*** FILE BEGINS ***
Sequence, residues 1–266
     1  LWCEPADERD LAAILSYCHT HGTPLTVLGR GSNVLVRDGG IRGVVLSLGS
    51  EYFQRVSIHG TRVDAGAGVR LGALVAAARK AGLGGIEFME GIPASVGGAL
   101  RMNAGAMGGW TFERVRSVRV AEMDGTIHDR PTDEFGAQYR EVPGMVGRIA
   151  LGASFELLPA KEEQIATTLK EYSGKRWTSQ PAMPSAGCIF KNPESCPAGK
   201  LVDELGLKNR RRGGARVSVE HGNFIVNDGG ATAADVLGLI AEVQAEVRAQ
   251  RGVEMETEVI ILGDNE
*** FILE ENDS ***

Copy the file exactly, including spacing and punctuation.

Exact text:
Sequence, residues 1–266
     1  LWCEPADERD LAAILSYCHT HGTPLTVLGR GSNVLVRDGG IRGVVLSLGS
    51  EYFQRVSIHG TRVDAGAGVR LGALVAAARK AGLGGIEFME GIPASVGGAL
   101  RMNAGAMGGW TFERVRSVRV AEMDGTIHDR PTDEFGAQYR EVPGMVGRIA
   151  LGASFELLPA KEEQIATTLK EYSGKRWTSQ PAMPSAGCIF KNPESCPAGK
   201  LVDELGLKNR RRGGARVSVE HGNFIVNDGG ATAADVLGLI AEVQAEVRAQ
   251  RGVEMETEVI ILGDNE